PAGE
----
Spain’s governing Socialists have won the country’s third election in four years, but are short of a majority.
Prime Minister (PM) Pedro Sánchez’s party polled 29 per cent and will need the help of either left-wing Podemos and regional parties, or the centre right, to form a government.
Far-right party Vox also won seats – the first time a significant far-right force has done so in decades.
Vox opposes multiculturalism, unrestricted migration, and what it calls “radical feminism”.
Analysts say support for Vox has been boosted by widespread anger at separatists in the province of Catalonia, who want independence from Spain. Vox fervently opposes any concessions to the secessionists.
The other big story of the election was the collapse in support for the conservative Popular Party (PP), which governed Spain until it was dumped from power in May 2018 in a no-confidence vote.
In its worst election ever, the PP won just 66 seats, down from 137 in the previous parliament.
Turnout was 75.8 per cent, the highest for several years and 9% more than the previous election in 2016.
In his victory speech, Mr Sánchez said the party’s big challenges were to fight inequality, advance co-existence and halt corruption.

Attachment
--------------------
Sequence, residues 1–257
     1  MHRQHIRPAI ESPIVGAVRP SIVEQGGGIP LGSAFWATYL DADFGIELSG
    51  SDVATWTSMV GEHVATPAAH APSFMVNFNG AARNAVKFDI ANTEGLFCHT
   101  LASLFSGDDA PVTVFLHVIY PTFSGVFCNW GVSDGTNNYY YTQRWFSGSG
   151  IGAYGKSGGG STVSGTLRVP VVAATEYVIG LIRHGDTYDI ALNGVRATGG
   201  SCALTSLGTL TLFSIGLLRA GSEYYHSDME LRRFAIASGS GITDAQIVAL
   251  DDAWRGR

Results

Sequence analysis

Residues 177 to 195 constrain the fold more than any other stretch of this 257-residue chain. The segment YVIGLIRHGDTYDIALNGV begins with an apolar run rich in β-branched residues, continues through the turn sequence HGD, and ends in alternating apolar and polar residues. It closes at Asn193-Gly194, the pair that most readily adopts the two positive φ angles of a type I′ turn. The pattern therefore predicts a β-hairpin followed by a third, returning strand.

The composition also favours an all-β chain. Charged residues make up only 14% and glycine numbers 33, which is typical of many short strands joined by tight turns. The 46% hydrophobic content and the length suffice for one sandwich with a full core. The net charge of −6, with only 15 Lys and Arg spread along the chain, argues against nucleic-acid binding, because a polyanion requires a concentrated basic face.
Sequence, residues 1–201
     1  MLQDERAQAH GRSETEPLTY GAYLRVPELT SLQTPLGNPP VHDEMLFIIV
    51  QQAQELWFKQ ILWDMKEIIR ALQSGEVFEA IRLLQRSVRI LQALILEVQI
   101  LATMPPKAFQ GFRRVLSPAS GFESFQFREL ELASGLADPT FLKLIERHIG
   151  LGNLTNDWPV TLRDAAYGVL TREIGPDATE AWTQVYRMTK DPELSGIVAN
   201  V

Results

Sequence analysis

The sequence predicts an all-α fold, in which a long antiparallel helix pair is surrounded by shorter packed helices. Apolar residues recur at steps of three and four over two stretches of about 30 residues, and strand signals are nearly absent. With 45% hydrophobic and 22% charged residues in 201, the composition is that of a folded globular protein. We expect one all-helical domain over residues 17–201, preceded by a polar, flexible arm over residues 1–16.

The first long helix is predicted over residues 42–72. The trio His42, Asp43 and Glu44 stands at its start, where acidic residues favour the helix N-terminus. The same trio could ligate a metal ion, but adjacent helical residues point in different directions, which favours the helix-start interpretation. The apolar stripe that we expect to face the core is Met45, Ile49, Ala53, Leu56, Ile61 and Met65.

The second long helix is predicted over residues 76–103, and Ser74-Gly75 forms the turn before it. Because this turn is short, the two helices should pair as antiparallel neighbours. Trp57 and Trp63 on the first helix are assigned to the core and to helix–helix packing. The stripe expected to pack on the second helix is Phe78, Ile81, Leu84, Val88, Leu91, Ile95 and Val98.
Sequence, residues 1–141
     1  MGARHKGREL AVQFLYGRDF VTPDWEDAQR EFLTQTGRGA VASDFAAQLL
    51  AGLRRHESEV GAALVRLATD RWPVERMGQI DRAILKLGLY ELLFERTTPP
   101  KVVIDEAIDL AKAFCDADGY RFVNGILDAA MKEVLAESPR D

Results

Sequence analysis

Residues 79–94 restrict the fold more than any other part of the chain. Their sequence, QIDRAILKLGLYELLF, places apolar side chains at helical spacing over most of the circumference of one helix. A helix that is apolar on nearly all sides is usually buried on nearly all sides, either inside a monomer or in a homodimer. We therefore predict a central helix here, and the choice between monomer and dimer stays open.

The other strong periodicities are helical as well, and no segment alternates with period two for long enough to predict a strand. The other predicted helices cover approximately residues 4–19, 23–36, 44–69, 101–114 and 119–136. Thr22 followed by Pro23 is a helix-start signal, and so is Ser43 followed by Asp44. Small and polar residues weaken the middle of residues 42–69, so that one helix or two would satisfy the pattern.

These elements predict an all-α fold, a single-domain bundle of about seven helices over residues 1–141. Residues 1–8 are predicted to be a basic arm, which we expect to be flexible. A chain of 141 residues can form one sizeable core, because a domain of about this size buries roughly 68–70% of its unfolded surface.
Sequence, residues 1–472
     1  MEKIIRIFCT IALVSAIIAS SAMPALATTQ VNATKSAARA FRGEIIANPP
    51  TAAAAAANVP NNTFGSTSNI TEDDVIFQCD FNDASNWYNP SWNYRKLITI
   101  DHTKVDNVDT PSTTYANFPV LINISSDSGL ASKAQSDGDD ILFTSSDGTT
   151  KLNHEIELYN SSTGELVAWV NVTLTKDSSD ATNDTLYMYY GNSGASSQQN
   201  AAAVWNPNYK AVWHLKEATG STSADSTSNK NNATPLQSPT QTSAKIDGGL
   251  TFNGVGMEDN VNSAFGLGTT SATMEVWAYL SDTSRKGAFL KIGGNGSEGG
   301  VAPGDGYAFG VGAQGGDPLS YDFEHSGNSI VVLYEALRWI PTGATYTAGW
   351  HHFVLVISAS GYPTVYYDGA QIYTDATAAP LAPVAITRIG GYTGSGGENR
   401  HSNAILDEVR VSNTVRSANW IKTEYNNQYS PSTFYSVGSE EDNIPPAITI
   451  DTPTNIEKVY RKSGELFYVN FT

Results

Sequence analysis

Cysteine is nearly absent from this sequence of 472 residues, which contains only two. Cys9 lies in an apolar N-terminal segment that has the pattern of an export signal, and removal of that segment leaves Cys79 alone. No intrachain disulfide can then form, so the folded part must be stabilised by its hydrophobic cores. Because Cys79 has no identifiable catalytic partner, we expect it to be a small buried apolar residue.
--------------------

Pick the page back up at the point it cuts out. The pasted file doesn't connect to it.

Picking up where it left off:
“The future has won and the past has lost,” he told cheering supporters. During his time in office, he has raised the minimum wage, appointed a female-dominated cabinet and promised to strengthen rape laws, defining it as sex without clear consent.
After weeks of Spain’s resurgent far right hogging all the headlines, didn’t the centre-left just win a resounding victory?
Did Spaniards have a last-minute change of heart? What does this all mean?
Spain’s Socialist party members will certainly have the biggest smiles on their faces this morning. But landslide victory this was not.
The party improved massively on its last performance in national elections. It managed to take control of Spain’s upper house of parliament too, but still lacks a majority to govern.
The result is a personal success for the prime minister, who increased his party’s share from 23 per cent of the vote in 2016.
But it still leaves the Socialists and Podemos 11 seats short of the necessary 176 for a majority in the 350-seat parliament. –BBC